June 16, 2002
June 16, 2002
June 19, 2002
7.81.1 - 7.81.11
Main Menu Session 2553
A One-Semester Engineering Chemistry Course
Mark A. Palmer1, Gary E. Wnek, Joseph Topich2, John B. Hudson, and James A. Moore3 1 Kettering University / 2Virginia Commonwealth University / 3Rensselaer Polytechnic Institute
The number of courses in engineering curricula has been reduced during the last decade. A typical response by programs is to reduce the number of core courses, and move the specialty courses into the earlier years. Many curricula now require only one (if any), semester of chemistry. Recognizing that engineers need material from both semesters of the traditional two semester sequence, a new one-semester course was developed. This course has been designed around the pedagogical theme that "The properties of larger particles are based upon the properties of their constituent particles and their interactions". As such, the students are introduced to "modern" physics. To deliver a course such as this effectively , we have found that we need to adopt innovative teaching techniques including: focusing on the recitation, frequent feedback, the use of the studio-format, closer integration of the laboratory experience with the course, self-directed laboratory exercises, context- based learning, and the use of the internet. The course structure and the use of these techniques will be discussed.
The purpose of engineering education is well described by the words of Stephen van Rensselaer, the founder of the first civilian engineering college :“...instructing persons, who may choose to apply themselves, in the application of science to the common purposes of life"1. Chemistry is one of those scientific disciplines in which engineers must be competent if they are to address the common purposes of life. The impact of chemistry on modern society has been phenomenal including, advances in materials development, environmentally sound manufacturing, and biomedical advances which have increased the quality of life for many. However, whereas thirty years ago many engineering students would complete two semesters of basic chemistry, many engineering disciplines have reduced this experience to one semester or even eliminated it. Still, chemical processing concepts are taught throughout almost all engineering curricula.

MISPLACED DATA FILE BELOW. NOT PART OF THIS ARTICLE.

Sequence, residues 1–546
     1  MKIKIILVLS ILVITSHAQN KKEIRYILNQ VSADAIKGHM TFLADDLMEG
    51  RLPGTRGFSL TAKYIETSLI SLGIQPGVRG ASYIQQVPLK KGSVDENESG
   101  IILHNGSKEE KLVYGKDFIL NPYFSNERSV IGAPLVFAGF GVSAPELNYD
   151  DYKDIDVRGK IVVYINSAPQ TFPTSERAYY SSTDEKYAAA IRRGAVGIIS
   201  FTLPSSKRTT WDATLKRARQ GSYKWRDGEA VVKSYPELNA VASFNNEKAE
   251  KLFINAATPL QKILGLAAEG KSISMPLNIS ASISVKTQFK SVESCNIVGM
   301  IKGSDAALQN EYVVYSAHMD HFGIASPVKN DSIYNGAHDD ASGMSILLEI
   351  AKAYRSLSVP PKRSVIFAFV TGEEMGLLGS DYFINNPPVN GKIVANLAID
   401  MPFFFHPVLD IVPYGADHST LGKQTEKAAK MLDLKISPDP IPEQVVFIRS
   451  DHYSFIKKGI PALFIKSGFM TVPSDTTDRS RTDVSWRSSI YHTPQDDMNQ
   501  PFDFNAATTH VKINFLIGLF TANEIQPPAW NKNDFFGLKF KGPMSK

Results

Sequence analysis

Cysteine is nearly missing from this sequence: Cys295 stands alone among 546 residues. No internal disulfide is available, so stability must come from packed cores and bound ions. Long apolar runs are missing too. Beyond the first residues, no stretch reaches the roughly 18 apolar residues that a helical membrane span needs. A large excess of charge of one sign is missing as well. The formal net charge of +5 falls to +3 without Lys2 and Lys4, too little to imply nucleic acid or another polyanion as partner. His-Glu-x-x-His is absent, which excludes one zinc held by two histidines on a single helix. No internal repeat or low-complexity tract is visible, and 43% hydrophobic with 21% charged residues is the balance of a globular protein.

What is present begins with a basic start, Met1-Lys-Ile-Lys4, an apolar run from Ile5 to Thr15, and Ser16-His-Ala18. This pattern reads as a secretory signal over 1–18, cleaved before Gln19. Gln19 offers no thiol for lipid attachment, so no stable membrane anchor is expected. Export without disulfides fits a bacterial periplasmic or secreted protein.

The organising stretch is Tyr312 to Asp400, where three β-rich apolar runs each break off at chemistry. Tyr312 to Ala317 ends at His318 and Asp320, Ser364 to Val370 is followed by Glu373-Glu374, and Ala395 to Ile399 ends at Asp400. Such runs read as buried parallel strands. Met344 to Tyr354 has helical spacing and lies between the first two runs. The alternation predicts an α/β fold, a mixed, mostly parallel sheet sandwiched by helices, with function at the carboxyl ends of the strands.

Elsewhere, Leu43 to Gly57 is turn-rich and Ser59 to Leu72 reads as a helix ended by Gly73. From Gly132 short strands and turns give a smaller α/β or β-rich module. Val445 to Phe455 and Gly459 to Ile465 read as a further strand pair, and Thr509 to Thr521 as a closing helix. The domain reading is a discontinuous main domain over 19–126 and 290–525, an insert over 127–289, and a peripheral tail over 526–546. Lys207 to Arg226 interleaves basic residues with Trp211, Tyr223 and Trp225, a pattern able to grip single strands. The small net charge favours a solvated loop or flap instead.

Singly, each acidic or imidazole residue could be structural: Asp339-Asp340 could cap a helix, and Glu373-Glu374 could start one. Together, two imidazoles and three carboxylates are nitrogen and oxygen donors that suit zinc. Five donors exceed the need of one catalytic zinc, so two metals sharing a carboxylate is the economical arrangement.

This result may be partially explained by engineering faculty and students being unhappy with the introductory chemistry experience. Recent findings of the National Science Foundation which reported that students are not being served well by the “usual” methods of instruction2.
Proceedings of the 2002 American Society for Engineering Education Annual Conference & Exposition Copyright 2002, American Society for Engineering Education
Palmer, M. (2002, June), A One Semester Engineering Chemistry Course Paper presented at 2002 Annual Conference, Montreal, Canada. https://peer.asee.org/10982
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